Terry S said...

Thank goodness for a diagnosis that is easily treatable!

Anonymous said...

Leslie, I think you're the only person I know who can make me laugh through a cancer threat. I'm so glad you're ok. Just so long as you don't conveniently forget when your next book is due...

Leslie Langtry said...

I am so overwhelmed by all your stories! My doc did say it hits women a lot more, but I had no idea how much! You guys are an inspiration to me. Now, does synthoid take out the forgetfulness too?

Leslie Langtry said...

Leah,actually, that's the only thing on my mind right now! I eat, sleep and breathe Coney (which certainly isn't a bad thing!). I may have to take some time off to see the new Bond movie...for inspiration, of course. Can I write that off?

Terri Osburn said...

Happy to hear you're okay! My mother got that same "the cancer to get" comment except it was about some kind of uterin cancer. They went in and took out all of her parts and no treatment necessary. But it still sounds odd to hear a doctor call it the "good" kind of cancer.

I can't imagine letting anyone stick needles in my throat once let alone having it done twice. I hope Mr. Assassin got you something nice as a reward.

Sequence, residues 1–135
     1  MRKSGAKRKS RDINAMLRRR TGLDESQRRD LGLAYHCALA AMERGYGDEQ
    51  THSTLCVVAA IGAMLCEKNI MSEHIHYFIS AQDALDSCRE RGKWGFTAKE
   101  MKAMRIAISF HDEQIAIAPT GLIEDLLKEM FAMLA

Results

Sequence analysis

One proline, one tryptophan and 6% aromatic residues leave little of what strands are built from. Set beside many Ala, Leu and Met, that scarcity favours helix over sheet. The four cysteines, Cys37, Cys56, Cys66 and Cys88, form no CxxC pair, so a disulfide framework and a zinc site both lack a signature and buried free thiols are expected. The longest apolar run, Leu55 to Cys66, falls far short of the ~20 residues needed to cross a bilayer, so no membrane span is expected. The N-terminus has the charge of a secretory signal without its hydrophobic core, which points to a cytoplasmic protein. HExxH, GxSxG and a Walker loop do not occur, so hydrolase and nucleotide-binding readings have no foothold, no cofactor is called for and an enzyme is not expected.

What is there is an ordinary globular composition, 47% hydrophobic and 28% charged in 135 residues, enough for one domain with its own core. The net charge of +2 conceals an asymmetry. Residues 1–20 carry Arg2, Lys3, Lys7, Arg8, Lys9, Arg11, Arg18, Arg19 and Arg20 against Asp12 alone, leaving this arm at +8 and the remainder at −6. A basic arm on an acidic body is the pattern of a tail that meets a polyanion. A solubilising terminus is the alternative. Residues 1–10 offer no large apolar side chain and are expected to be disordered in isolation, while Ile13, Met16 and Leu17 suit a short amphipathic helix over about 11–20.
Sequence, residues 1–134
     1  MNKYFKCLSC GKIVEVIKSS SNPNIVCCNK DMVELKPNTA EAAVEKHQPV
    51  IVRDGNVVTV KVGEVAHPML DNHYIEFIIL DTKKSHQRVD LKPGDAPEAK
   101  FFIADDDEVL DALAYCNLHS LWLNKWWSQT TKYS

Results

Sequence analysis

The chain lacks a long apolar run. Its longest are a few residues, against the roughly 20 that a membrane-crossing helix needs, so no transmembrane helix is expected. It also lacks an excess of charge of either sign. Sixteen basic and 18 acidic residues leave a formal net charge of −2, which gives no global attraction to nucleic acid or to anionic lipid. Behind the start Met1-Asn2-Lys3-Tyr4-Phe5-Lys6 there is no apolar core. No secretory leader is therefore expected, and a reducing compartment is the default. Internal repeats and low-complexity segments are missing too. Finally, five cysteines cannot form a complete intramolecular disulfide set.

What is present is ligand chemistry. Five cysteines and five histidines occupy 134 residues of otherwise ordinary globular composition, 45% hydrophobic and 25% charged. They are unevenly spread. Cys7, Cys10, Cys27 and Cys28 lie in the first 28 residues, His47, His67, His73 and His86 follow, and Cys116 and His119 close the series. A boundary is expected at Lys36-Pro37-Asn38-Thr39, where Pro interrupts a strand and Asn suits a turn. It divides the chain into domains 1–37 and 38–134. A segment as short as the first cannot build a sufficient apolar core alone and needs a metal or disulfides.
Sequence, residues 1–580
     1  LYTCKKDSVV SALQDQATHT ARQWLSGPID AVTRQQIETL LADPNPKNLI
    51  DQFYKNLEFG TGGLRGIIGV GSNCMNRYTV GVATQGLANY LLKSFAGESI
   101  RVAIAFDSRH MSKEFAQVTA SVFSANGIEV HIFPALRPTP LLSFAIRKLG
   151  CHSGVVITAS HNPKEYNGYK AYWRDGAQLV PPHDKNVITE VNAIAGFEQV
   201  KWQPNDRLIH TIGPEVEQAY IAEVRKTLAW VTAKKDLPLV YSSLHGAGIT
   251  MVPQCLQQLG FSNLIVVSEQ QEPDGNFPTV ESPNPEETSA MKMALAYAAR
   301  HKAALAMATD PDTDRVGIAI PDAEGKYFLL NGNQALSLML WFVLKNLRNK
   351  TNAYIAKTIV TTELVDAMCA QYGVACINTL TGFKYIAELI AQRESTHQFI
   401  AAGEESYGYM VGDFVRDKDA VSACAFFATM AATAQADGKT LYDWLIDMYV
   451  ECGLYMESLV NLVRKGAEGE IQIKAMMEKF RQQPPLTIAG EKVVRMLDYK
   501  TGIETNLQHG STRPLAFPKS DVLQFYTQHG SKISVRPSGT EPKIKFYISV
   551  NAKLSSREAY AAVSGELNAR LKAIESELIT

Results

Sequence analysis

Anonymous said...

I'm glad it wasn't cancer! But bummer on the other stuff, except having a built-in excuse for that memory thing. *g*

I'm another thyroid med girl. Though I can never remember if it's hypER- or hypOthyroidism. All I know is it makes me gain weight which annoys me beyond belief.

Leslie Langtry said...

I think hyper is when you have a lot of energy and hypo is when you want to do nothing but sleep all day, something the ladies above can attest to. I would love to sleep all day. This cold, rainy weather we are having here sucketh maximus.

Hellie Sinclair said...

I don't know how you can take something perfectly frightening or possibly sad and make me giggle all the way through it. (You could probably make Nightmare on Elm Street or Brian's Song a Will Ferrell comedy...) I'm glad it's all "good" though...very glad!

Unknown said...

Oh wow it sounds like they really put you through it. I am glad to here you are OK, no cancer. I hate it when they put you off for things and you worry forever before you find out what is really wrong.

Kathy Bacus said...

What a time you've had, Leslie. I'm so happy that you are through the worst of it.

Hopefully the treatment you're undergoing will keep the Hashimoto's under control.